Morgan Stanley will not be facing action from the Federal Trade Commission as a result of a client data breach in December that compromised information of some 350,000 clients, according to a letter made public on the FTC's website Monday afternoon.
The FTC determined that the breach, which was quickly traced back to a former broker, Galen Marsh, had been made possible because of a glitch in Morgan Stanley's data security controls, and not a failure on Morgan Stanley's part to secure account information in a “reasonable and appropriate manner.”
“In this instance, our investigation determined that the Morgan Stanley employee was able to gain access to client data, despite such controls, because the access controls applicable to a narrow set of reports were improperly configured,” said Maneesha Mithal, associate director of the division of privacy and identity protection at the FTC, in the letter. “Morgan Stanley promptly fixed the problem when it came to the company's attention.”
Otherwise, the firm had reasonable comprehensive policies in place, the FTC said. Brokers, for example, were not allowed to access personal data outside the specific clients they served, and the firm monitored the size and frequency of data transfers by employees and prohibited employee use of USBs and other devices to remove client data.
The FTC's letter made no determination as to whether Mr. Marsh had violated any rules, or how exactly the information ended up on several websites.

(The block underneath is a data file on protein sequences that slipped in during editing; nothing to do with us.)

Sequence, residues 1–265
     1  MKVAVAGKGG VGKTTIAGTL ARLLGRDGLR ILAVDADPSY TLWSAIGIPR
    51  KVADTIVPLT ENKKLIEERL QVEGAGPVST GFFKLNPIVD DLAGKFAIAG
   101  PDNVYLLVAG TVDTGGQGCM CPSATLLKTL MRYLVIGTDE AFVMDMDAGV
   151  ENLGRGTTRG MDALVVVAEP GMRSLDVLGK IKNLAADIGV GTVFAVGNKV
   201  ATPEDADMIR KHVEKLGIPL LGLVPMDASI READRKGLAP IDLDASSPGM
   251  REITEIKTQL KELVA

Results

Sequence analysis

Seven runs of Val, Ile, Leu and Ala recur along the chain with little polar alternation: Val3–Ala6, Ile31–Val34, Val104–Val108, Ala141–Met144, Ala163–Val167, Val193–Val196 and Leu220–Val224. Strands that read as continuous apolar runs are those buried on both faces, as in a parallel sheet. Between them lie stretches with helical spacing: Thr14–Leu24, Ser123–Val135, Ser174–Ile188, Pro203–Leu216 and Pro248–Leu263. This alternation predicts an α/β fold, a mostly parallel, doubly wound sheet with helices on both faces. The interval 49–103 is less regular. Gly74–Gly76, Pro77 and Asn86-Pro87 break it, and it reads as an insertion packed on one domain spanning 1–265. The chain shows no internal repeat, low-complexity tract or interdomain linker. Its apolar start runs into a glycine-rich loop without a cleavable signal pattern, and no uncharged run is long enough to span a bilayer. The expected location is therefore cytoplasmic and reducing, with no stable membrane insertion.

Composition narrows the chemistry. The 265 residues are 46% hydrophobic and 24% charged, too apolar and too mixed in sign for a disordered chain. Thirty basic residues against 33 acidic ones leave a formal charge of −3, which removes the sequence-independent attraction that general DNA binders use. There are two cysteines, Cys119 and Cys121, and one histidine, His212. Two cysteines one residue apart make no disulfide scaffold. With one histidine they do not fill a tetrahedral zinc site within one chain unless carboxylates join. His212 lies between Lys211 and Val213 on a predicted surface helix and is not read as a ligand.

The agency said it had determined that the data appeared online after “an employee misappropriated wealth management client information, transferring the data from the Morgan Stanley computer network to a personal website accessed at work, and then onto personal devices.”
It was initially suspected that Mr. Marsh may have posted the data online in exchange for virtual currencies such as Bitcoin. But his attorney, Robert C. Gottlieb of Gottlieb & Cordon, said his client had never posted the information, and in February, federal authorities were looking into the possibility that he had been targeted by hackers after he removed the client data from Morgan Stanley's network. The New York Times reported that the Federal Bureau of Investigation had opened a criminal investigation and the Financial Industry Regulatory Authority Inc. was examining the matter.
According to Finra spokeswoman Nancy Condon, the agency has deferred to other regulators on this issue to avoid duplication.
A source familiar with the situation said other investigations into the breach were still ongoing. Mr. Gottlieb declined to comment.
Mr. Marsh was not specifically named in the FTC's letter, but multiple sources confirmed on background that it was tied to the same case.
Mr. Marsh was fired January 2 for allegations that “accused him of removing certain confidential client account information from the firm without authorization,” according to his BrokerCheck report.
A spokeswoman for Morgan Stanley, Christine Jockle, said in an emailed statement that there was no evidence that any fraud had occurred in the affected client accounts and reiterated that the firm had acted quickly after it discovered the information had been leaked.
“Following the firm's discovery of the incident, it quickly identified the employee who stole the data and terminated him,” Ms. Jockle wrote in an email. “The Firm promptly alerted law enforcement and regulators, notified affected clients, changed account numbers and offered identity protection services.”